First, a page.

In a blog about the Amalfi Coast I can not tell you about limoncello, his typical liqueur. I’ll tell you how it is made and some curiosities.
Limoncello is produced from lemon zest , not just any one, but the “Limone Costa D‘Amalfi”, the name with which it has been recognized IGP, but more commonly called “Sfusato Amalfitano”.
I talk about it here: Sfusato Amalfitano: the lemon of the Amalfi Coast
The Sfusato Amalfitano, in fact, unlike the other varieties of lemons, has a very thick, colored skin light yellow, with a particularly intense aroma. These characteristics are given precisely by the high presence of terpenes, essential for the production of liqueur. The alcohol content of the peels is around 20% and 32% vol.
In order to produce it, the peels are macerated in pure alcohol, adding water and sugar. Everything then rests in the bottles for about a month in a cool and dark place. If you prefer, you can also turn it into a great one limoncello cream, simply adding milk or cream.
Limoncello, in addition to being tasted as a digestive, is used to wet some desserts, including Babà. I talked about it in this article: The Babbà with two “b”.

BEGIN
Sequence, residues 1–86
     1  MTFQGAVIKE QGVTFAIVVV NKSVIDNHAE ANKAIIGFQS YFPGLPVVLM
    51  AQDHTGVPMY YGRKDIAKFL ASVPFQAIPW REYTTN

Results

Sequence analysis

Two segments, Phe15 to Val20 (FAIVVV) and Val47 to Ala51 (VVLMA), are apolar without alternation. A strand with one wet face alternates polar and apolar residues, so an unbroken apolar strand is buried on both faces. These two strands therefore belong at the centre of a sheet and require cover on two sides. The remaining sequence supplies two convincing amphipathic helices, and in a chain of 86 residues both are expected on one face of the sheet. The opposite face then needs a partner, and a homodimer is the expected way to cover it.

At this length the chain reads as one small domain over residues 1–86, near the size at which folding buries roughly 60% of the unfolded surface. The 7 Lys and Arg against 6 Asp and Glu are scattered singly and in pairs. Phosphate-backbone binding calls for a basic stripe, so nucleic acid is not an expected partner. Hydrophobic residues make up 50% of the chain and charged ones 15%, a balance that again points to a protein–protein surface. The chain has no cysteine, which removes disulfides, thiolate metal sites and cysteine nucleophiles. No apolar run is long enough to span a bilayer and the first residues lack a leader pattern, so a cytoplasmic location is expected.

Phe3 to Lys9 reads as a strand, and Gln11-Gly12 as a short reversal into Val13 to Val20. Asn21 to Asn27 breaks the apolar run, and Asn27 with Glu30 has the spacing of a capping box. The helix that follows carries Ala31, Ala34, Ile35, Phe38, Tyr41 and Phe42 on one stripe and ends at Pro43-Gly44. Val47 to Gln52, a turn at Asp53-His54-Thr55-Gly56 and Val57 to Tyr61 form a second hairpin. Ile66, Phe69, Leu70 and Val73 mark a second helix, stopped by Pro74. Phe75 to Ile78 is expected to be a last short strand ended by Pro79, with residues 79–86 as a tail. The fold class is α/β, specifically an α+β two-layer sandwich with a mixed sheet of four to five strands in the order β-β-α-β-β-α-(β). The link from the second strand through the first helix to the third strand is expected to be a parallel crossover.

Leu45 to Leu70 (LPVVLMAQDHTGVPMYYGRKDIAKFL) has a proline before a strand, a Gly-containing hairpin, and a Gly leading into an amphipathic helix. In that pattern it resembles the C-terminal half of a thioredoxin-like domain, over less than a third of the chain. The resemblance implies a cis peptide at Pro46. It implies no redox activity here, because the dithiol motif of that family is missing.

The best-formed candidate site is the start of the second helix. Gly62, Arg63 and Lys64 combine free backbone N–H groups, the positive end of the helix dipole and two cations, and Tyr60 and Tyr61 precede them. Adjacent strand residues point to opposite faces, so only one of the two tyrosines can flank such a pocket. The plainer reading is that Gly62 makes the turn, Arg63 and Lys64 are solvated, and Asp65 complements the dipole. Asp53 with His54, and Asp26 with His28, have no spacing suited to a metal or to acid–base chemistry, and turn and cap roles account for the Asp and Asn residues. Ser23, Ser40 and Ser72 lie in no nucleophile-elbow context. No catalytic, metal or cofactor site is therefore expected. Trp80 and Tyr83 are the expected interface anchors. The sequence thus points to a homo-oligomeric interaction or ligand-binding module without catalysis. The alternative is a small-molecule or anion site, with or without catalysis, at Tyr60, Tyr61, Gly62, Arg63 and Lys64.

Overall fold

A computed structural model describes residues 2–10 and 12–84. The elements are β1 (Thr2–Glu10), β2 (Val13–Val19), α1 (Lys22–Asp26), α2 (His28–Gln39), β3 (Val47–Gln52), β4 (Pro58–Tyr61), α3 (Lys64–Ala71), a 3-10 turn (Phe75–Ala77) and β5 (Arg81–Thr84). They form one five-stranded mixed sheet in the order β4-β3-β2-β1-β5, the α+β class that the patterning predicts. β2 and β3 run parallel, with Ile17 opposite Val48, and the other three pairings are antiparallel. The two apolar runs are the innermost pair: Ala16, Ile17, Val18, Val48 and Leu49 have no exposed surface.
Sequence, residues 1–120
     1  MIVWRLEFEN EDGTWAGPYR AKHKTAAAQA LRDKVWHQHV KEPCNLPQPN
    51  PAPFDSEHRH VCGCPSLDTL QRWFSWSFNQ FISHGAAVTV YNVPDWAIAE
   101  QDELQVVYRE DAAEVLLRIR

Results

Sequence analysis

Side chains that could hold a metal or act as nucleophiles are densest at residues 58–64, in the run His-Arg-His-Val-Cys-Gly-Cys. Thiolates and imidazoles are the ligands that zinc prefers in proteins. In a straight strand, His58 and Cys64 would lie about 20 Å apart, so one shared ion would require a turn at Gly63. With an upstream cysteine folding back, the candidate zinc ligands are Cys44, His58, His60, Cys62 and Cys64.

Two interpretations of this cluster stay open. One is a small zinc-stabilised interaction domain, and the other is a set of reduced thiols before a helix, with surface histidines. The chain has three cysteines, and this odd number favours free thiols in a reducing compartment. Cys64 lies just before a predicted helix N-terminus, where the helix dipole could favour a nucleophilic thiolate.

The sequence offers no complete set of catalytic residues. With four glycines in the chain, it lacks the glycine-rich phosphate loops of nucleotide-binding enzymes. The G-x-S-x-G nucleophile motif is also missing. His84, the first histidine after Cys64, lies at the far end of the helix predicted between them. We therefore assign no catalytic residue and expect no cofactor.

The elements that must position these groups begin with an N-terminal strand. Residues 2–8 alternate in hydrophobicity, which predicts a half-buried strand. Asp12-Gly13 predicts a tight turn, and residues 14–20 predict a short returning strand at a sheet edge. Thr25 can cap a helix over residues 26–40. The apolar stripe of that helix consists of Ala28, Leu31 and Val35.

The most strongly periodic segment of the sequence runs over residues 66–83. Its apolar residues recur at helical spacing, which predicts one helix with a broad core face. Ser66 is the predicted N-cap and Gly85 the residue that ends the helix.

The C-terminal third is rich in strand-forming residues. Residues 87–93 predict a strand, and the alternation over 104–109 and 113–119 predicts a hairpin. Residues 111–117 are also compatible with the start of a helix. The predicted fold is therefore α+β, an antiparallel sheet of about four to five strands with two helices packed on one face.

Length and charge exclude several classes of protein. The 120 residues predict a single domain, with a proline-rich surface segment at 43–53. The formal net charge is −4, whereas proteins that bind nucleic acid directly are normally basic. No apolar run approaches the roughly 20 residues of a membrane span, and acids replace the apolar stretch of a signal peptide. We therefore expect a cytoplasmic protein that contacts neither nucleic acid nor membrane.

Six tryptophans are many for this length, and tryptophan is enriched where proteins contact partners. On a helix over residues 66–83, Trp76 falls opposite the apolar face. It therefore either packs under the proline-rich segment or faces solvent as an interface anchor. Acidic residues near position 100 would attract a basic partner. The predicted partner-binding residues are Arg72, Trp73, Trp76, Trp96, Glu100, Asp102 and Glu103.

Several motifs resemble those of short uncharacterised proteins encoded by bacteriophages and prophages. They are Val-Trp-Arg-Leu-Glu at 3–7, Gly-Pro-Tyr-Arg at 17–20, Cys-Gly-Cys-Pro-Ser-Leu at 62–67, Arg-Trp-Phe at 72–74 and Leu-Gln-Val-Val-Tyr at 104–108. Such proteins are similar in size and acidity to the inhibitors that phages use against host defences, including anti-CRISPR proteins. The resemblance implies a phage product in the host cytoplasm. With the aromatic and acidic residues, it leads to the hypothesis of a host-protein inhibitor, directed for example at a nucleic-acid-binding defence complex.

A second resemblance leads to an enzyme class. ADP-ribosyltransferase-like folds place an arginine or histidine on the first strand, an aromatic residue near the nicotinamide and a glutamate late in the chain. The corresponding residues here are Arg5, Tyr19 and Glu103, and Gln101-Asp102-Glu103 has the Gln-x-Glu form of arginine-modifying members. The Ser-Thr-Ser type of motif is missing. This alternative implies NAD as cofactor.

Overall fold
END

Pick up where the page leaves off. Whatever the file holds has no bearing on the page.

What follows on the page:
On his origins, one can think that, given the large production of lemon on the Amalfi Coast, it was a homemade invention. If you happen to try this type of lemon, peeling it, you will realize that its peel, so clear and sweet, will not be thrown away easily. Perhaps this is why it was decided to reuse it to produce what would become the most famous liqueur in the world. It has become so popular, there are so many legends that tell about his birth. But, in my opinion, its story is very simple: try to peel a Sfusato Amalfitano lemon and you will understand that man could not help thinking how to use something so good not to throw away even a little. After all, limoncello also tells one history of sustainability, in which a “waste” can represent a resource.